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The members of the United Nations appreciated the content you provided on population growth. Now they are asking you to expand the whitepaper to include global food security as it relates to population growth and poverty. Read the Case Study and provide an assessment based on the questions below.
(For a brief list of resources for this assignment, please see the end of the course guide.)
We can view global food security as the effort to build food systems that can feed everyone, everywhere, and every day by improving food quality and promoting nutritional agriculture. That said, there are certain practices that can advance this project:
We must bear in mind that more than three billion people, nearly one-half of the global population, subsist on as little as $2.50 a day and that nearly 1.5 billion are living in extreme poverty on less than $1.25 a day. According to the World Health Organization, the United Nations, and other relief agencies, about 20,000 people (mostly children) starve to death in the world every day, for a total of about seven million people a year.
In addition, about 750 million (twice the population of the United States) do not have access to clean drinking water, meaning that some one million people die every year from diarrhea caused by water-borne diseases.
The population of Earth is expected to grow from 7 billion in 2010 to 8 billion in 2025, 9 billion in 2040, and 11 billion by the end of the 21st century. If the demand for food is predicted to grow by 50% by 2030 and 70% by 2050, the real problem is not necessarily growing that much food. Rather, it is making that amount available to people.
Moreover, foodborne illnesses are prevalent, with nearly 600 million reported cases of foodborne diseases each year. These affect mainly children, but also negatively impact the livelihood of farmers, vendors, trade associations and, ultimately, the Gross Domestic Product (national income) of a country. These issues can impose tremendous human, economic, social, and fiscal costs on countries Addressing them allows governments to devote more resources to making desperately needed improvements in infrastructure that raise the quality of life for everyone.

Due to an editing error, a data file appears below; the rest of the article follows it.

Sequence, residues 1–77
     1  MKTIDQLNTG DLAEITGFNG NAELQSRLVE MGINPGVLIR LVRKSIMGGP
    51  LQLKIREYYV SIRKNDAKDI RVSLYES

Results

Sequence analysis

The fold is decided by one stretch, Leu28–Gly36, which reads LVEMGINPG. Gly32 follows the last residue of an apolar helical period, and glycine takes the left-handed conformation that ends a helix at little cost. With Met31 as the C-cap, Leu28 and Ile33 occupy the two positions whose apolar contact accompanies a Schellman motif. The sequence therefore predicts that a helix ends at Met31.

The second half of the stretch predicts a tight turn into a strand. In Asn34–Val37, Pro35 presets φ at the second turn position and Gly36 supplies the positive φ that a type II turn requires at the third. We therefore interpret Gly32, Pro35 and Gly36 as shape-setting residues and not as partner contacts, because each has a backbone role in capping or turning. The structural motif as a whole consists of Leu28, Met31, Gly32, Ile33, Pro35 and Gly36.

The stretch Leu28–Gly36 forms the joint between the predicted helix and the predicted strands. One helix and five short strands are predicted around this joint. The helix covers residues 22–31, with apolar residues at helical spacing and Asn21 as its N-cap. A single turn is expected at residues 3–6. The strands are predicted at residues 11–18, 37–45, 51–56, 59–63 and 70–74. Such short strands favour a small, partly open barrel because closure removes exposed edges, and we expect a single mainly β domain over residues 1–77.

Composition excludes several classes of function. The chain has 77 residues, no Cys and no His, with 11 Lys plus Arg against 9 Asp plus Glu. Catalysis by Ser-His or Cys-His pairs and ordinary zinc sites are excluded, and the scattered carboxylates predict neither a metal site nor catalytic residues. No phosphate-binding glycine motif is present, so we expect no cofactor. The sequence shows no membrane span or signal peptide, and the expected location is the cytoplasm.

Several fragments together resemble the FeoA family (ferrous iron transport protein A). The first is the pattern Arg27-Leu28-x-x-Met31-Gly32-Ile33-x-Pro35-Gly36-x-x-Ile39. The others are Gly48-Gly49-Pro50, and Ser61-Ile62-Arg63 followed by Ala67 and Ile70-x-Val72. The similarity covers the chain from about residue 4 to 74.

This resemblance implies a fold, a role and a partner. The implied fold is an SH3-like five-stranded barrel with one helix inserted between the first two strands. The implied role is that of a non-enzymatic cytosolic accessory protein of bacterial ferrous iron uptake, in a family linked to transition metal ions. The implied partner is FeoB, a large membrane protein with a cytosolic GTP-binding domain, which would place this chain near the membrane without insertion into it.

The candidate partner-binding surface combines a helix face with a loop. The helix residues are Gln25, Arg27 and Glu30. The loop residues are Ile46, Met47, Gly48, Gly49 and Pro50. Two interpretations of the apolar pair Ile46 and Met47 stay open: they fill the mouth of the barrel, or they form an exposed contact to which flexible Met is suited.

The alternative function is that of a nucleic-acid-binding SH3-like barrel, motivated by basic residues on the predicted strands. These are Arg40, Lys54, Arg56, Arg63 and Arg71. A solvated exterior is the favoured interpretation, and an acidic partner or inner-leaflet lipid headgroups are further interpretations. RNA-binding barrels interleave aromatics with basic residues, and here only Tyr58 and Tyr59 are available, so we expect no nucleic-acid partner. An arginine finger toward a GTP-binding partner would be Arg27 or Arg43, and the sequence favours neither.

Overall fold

It is not enough to have adequate supplies of food available. Policies that focus exclusively on food production can exacerbate the problem, particularly if, to satisfy the need for quantity, the quality of the food is left wanting.
Certainly, poverty and the systemic internal conditions creating it inside a country are the unmistakable driving factors behind keeping adequate food resources from reaching people. It is only one factor of several, however. Others include the following:
Inadequate Food Distribution: The reality is that there is more than enough food in the world to feed its people. The primary cause of famines is not poor weather conditions as much as it is getting the needed amount of food to the people who need it most. Quite often causes result from political instability and poor infrastructure, often involving a country’s port facilities, transportation availability and quality of road networks. Paradoxically, although the population is going to increase in the coming decades, the amount of food potentially available will increase along with it. This is due mostly to advances in bio agricultural engineering and increased seed immunity to molds.
Writing in the late 18th century, Thomas Malthus warned that global population would exceed the capacity of Earth to grow food, in that while population would grow exponentially, food production would grow only arithmetically. Although this theory has been proven invalid, the unfortunate result of its propagation has been for some governments to rationalize political choices that avoid helping the poverty-ridden and starving.